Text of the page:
Research has shown high levels of the amino acid homocysteine is associated with a poor memory and doubles the risk of Alzheimer's. Vitamin B12 and folic acid lowers the level of homocysteine, which is also associated with heart disease and strokes. Green, leafy vegetables and fruits contain folic acid; meat, fish, yogurt and fortified cereals contain vitamin B12. Research has shown high levels of the amino acid homocysteine is associated with a poor memory and doubles the risk of Alzheimer’s. Vitamin B12 and folic acid lowers the level of homocysteine, which is also associated with heart disease and strokes. Green, leafy vegetables and fruits contain folic acid; meat, fish, yogurt and fortified cereals contain vitamin B12.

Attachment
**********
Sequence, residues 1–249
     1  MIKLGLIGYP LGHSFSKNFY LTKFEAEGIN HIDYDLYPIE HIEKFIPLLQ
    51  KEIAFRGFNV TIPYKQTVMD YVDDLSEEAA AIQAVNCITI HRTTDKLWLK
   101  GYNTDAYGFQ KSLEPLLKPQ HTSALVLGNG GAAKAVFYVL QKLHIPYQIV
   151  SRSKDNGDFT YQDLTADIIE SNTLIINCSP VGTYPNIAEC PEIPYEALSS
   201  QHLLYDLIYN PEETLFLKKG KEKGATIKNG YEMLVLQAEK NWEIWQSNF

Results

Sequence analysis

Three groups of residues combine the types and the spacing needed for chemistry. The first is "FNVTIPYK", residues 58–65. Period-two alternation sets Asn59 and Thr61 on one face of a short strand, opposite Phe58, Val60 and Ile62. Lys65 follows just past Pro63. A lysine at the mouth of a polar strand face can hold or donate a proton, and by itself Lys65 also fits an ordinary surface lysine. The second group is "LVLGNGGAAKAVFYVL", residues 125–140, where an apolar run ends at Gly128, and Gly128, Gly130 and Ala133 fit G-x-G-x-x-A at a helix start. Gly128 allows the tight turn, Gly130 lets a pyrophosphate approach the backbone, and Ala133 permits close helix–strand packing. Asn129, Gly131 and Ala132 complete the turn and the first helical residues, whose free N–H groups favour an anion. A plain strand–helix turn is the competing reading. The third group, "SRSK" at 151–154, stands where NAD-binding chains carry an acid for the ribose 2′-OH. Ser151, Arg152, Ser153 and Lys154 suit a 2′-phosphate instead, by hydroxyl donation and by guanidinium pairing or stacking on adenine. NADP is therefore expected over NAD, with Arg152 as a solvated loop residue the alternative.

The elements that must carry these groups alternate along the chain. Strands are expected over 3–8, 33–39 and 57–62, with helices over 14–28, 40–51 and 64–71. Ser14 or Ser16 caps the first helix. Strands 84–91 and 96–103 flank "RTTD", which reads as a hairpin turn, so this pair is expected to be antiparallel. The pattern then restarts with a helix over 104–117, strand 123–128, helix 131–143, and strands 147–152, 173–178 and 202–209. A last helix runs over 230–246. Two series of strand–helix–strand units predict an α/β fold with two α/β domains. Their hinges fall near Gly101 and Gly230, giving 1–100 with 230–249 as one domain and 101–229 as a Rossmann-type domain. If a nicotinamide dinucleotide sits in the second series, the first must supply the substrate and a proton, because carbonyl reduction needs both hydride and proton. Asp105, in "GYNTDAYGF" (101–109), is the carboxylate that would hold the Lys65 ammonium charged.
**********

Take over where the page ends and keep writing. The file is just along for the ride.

Lowering the amount of stress in your life lowers the risk for dementia. A glass of wine (or other moderate alcohol consumption), laughter and meditation are all considered beneficial. A Harvard Medical School study showed 30 minutes of meditation a day for eight weeks even increased the size of the hippocampus. Studies at Loma Linda University have shown laughter reduces the stress hormone cortisol, which is toxic to the hippocampus. Lowering the amount of stress in your life lowers the risk for dementia. A glass of wine (or other moderate alcohol consumption), laughter and meditation are all considered beneficial. A Harvard Medical School study showed 30 minutes of meditation a day for eight weeks even increased the size of the hippocampus. Studies at Loma Linda University have shown laughter reduces the stress hormone cortisol, which is toxic to the hippocampus.